Before I start this post, a few facts:
Arkansas, Colorado, Connecticut, Delaware, Florida, Illinois, Kansas, Kentucky, Michigan, New Hampshire, Ohio, Pennsylvania, South Carolina, Texas, and Virginia are the only states with reciprocity with the French government when exchanging your driver's license, which means if you plan on moving to France, and you don't live in one of these states, you better find a relative, a friend, and get 'er done hades or high water...or suffer the consequences: French Driving School.
You have exactly one year from your entry into France to exchange your license.
If you're not able to do the above, and if you want to drive, you'll have to pay upwards of 600 euro to attend a French Driving School. And if your French isn't good enough* to the pass the written exam with all those trick questions and you don't pass, you'll have to pay again. And again. And again. You'll also have to take lessons behind the wheel, which cost 35 euro/per hour (more or less). It's freaking expensive! For those of you in this situation, I'm sorry. I feel for you, I do. And bonne chance!
*It may be possible to hire a translator, which obviously costs more money, and there is such a thing called lost in translation...
You can drive in France with any valid American license as a tourist (might be worth it to get the AAA International Translation of your license before you leave, which is fifteen dollars), but if you are a resident of France, you must get French driver's license before the one year time frame ends or you will be driving illegally. Which also means you won't be insured.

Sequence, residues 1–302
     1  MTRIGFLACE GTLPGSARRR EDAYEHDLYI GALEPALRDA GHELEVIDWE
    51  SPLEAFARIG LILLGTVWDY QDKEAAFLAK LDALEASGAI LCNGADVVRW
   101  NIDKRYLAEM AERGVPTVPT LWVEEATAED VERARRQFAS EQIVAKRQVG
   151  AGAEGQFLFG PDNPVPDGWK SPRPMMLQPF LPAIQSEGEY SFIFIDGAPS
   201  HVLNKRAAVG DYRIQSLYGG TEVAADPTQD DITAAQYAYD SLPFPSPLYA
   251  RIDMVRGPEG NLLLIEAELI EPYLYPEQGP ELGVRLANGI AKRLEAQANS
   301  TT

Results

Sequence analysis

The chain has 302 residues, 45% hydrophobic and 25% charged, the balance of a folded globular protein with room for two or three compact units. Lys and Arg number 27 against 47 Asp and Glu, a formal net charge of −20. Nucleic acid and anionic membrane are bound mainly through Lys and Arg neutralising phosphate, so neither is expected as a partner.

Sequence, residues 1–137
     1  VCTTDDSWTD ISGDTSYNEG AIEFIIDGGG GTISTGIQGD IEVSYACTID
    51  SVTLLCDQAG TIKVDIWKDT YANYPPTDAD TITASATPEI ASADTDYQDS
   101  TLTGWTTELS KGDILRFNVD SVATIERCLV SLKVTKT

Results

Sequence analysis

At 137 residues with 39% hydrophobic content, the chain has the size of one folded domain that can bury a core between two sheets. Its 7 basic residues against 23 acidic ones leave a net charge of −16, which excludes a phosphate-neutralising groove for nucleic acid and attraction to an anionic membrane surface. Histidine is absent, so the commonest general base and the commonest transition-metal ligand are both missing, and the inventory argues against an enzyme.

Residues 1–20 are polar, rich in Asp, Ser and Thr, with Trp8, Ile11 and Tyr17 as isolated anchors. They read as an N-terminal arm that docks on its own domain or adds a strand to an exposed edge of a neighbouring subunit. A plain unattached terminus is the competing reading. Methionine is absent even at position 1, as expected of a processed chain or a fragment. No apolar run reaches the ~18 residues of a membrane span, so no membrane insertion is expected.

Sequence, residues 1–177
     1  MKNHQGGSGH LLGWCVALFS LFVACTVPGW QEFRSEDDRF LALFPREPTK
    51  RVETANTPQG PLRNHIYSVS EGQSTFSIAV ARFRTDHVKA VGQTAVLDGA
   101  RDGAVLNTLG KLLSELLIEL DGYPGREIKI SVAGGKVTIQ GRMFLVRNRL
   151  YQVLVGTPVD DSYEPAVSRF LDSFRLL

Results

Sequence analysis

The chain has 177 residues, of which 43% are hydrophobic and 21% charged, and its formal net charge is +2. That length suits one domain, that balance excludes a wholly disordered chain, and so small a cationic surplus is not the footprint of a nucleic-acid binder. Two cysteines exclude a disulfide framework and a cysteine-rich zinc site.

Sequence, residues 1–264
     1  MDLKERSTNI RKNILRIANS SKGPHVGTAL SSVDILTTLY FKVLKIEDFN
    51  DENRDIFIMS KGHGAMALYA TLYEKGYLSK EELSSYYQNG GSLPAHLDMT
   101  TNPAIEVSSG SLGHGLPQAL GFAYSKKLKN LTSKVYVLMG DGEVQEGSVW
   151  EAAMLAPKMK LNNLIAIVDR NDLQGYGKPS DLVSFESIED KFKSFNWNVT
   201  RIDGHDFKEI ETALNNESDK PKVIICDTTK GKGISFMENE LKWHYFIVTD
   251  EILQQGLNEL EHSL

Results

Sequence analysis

Once you get your French Driver's License it never expires.
Now on to the post: How I got my French Driver's License
When I moved to California I didn't exchange my Illinois license. It wasn't laziness or fear, but pride, considering I was moving back in with the parents. And maybe, just maybe, a small part of me knew I'd eventually be moving to France. Whatever the case, I had a license from one of the states that had reciprocity with the French government.
I moved to France in the beginning of August 2009 and my license expired that October 18th. So I had two months to make the exchange, otherwise I'd be up a very expensive creek without a paddle. We had to move fast. About a week after I arrived, my husband and I went to the prefecture with, what we thought, were the required documents:
a) My long stay visa
b) My passport, which had said visa in it
c) My American License
d) A translation of said license by a certified translatore) Two id photos – it's interdit (prohibited) to smile
f) Proof of address (some bills in my husband's name)
g) An affidavit from my husband stating I live with him
We thought it was in the bag.
And we'd thought wrong.
After speaking to a somewhat pleasant woman at a plexi-glass counter, we were told to take a seat. A few moments later, another woman – apparently the one in charge – came into the waiting room, called us over, and asked where my carte de sejour was. We explained that we were told that my long stay visa took the place of the carte de sejour for the first year. The woman was quick to correct us. "No, no, no, she said. You don't get a card, but you must get your premier titre de séjour from L'Offi (immigration), which they put in your passport. It may take up to three months to get your appointment there!"
My heart plummeted into my stomach. My bottom lip quivered. Once again I'd found myself stuck in a web of red tape. Getting married in France was hard enough. Now I had to deal with my driver's license (never fun) and becoming an actual immigrant? I quickly explained that I was told I had three months to send in some paperwork to register with L'Offi, but nobody had told me I had to actually go there, nor that I needed this special stamp in my passport.
I was on the verge of tears. I was screwed!